MOOSIC — When Tyler Wade started discussing his International League Postseason All-Star nod as shortstop on Wednesday, one of the first things he did was thank his manager, Al Pedrique.
It just so happens that the Scranton/Wilkes-Barre RailRiders manager was also named the league’s Manager of the Year on Wednesday. It was the second straight season he’s taken home the honor, becoming just the fourth manager to do so in the International League’s history.
“I just want to thank Al, for kind of dealing with me all year and putting in a lot of work in with me. It’s great,” Wade said.
However, while his 2017 campaign has been full of memories — finding immediate success in his first season at the Triple-A level, making his MLB debut and spending two extended stints with the New York Yankees and being named to the league’s postseason all-star team — Wade said that there are still plenty of goals left ahead of him this season.
The 22-year-old wants to continue to help the RailRiders win while he’s here and then when he’s back in the big leagues, he wants to help the Yankees win a World Series.
“I want to keep working hard and accomplish those goals,” Wade said. “Both clubhouses, they have a great group of guys and we have a great group of guys here, and I think we have similar mindsets. We just want to keep winning games and I’m going to do whatever it takes to win those games. It’s a very exciting time.”
Pedrique said he was humbled and thankful to be named the Manager of the Year for the second straight season. To him, it starts with his staff.
RailRiders pitching coach Tommy Phelps has led the pitching staff to league-low ERAs in back-to-back seasons. Hitting coach P.J. Pilittere has continued the success from last year — a first-place finish in batting average — into this season. The RailRiders’ .273 batting average ranks first once again.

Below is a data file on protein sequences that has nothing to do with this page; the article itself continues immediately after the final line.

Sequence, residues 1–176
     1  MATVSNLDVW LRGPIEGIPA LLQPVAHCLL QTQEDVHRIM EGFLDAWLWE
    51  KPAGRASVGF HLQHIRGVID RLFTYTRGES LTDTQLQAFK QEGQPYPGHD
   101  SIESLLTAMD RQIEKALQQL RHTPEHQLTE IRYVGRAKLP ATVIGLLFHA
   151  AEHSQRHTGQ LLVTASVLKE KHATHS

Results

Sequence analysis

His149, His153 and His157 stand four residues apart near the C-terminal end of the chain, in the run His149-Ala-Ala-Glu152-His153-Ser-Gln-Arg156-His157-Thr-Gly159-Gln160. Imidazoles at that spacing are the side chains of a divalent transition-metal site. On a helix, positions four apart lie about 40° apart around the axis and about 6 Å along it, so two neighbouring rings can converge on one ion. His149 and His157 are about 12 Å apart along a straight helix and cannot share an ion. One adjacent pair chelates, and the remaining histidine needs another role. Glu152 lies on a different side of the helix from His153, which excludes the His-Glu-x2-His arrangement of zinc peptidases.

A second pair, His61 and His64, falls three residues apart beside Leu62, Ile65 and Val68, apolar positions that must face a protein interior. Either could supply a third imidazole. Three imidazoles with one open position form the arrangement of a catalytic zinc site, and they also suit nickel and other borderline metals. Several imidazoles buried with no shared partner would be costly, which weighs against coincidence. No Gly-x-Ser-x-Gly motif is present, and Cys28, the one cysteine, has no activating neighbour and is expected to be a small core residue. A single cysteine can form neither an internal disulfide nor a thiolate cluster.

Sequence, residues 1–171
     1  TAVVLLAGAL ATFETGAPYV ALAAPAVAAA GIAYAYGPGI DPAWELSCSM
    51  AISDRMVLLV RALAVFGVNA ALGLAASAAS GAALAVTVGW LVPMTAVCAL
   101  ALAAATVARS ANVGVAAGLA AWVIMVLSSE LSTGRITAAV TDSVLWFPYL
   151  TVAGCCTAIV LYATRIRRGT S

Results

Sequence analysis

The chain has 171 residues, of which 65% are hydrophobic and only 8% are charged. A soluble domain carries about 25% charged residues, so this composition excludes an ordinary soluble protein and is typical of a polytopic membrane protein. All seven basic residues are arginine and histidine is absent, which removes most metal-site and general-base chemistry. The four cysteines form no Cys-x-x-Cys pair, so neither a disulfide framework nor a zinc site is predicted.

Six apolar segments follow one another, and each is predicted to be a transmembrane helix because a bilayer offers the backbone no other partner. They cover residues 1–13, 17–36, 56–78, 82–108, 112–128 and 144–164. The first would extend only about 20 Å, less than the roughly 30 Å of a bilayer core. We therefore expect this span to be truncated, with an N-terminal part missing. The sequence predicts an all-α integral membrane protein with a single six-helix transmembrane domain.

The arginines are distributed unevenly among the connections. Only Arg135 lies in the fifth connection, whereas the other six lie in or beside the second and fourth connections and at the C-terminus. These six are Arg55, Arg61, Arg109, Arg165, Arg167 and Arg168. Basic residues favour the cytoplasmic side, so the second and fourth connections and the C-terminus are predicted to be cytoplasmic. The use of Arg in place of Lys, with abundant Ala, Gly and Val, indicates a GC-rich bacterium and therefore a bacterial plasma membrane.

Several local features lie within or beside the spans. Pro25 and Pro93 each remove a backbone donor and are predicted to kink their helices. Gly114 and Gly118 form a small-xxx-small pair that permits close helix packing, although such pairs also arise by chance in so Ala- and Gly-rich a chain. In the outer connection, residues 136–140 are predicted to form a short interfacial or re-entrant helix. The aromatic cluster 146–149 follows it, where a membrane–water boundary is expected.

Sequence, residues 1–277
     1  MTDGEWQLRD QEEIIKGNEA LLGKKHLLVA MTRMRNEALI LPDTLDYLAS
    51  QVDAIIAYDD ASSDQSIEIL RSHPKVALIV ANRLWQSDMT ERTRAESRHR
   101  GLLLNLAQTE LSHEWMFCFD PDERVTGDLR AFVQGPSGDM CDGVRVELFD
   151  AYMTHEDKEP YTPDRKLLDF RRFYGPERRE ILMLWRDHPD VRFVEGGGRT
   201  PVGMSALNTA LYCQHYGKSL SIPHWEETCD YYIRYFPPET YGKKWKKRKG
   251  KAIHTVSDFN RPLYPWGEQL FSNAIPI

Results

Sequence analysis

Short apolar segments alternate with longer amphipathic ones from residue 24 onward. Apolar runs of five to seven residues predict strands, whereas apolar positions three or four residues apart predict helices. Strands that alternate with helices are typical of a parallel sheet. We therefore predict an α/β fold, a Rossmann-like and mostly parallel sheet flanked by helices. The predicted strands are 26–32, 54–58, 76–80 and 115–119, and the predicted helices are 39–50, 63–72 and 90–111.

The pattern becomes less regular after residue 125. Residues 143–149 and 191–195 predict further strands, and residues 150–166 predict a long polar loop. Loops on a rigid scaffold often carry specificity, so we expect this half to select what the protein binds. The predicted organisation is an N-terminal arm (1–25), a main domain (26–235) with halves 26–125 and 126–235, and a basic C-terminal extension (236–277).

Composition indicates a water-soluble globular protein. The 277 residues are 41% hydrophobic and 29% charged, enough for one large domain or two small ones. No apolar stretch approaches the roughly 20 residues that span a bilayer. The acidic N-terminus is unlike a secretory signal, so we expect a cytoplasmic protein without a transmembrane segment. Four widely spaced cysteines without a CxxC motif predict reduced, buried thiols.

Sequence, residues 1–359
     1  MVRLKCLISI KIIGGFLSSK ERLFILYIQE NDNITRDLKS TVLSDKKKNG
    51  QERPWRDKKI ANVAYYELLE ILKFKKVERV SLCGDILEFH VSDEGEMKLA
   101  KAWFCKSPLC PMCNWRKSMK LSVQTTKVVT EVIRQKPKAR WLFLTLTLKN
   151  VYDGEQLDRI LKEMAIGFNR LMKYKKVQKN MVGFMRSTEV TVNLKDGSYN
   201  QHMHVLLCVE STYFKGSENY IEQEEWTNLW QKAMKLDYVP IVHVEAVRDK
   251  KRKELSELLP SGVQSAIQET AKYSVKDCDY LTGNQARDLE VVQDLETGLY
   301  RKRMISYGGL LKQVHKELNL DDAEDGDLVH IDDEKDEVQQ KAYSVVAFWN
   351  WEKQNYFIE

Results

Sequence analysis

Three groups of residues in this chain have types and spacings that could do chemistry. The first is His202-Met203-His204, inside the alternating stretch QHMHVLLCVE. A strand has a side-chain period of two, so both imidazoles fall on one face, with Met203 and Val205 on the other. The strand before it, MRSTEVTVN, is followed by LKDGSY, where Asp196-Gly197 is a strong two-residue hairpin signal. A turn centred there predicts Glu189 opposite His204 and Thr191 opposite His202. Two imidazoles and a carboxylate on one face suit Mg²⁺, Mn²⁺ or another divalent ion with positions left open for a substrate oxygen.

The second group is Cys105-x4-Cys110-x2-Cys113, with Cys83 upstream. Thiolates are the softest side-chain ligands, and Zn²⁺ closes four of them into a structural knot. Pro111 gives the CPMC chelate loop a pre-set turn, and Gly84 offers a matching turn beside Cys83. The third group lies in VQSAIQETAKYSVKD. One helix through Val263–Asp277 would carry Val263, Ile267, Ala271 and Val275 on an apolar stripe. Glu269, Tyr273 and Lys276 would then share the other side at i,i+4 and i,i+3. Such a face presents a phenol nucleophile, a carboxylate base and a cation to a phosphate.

“I cannot do this by myself,” Pedrique said. “I said it last year all along, and this year, that you have to have a good coaching staff that knows their job, their responsibilities and you let them do the work. Players, you have to have players that are willing to go out on a daily basis, prepare themselves, play the game the right way. The trainer, conditioning guy — it’s going to sound silly — but even the clubhouse guy. You have to have the right people in order be successful in this job.”
Sporting a league-high 85 wins heading into Wednesday’s tilt against Rochester, Pedrique couldn’t help but wonder if more of his players deserved to be recognized this season.
Outfielders Dustin Fowler and Clint Frazier each had impressive first halves for the RailRiders. Ben Heller and Chance Adams have been two of the league’s more impressive pitchers this season, as well.
“When you’re in first place and you have the record we have, I’m here for a reason,” Pedrique said. “Like I say, ‘You don’t win races if you don’t have the horses,’ and I’ve been lucky for the last two years that I’ve had a good staff, good players, but yes, I thought that we’d have more guys on the all-star team.”
When it comes to the minors, most fans draw to the top prospects and their paths to the big leagues. But Pedrique, a former interim manager for the Arizona Diamondbacks and Major League bench coach, would like another shot in the bigs too.
“We all want to get to the big leagues. I want to get back. That’s the goal,” Pedrique said. “The time will tell. God’s time is perfect. I love what I’m doing right now, helping these guys to get better and when the time is right, if I get another opportunity, I’ll be happy and if it doesn’t happen, I’ll keep working hard. This game, you learn something every day. That’s why you have to stay humble, and I’m really, really appreciative for the organization.”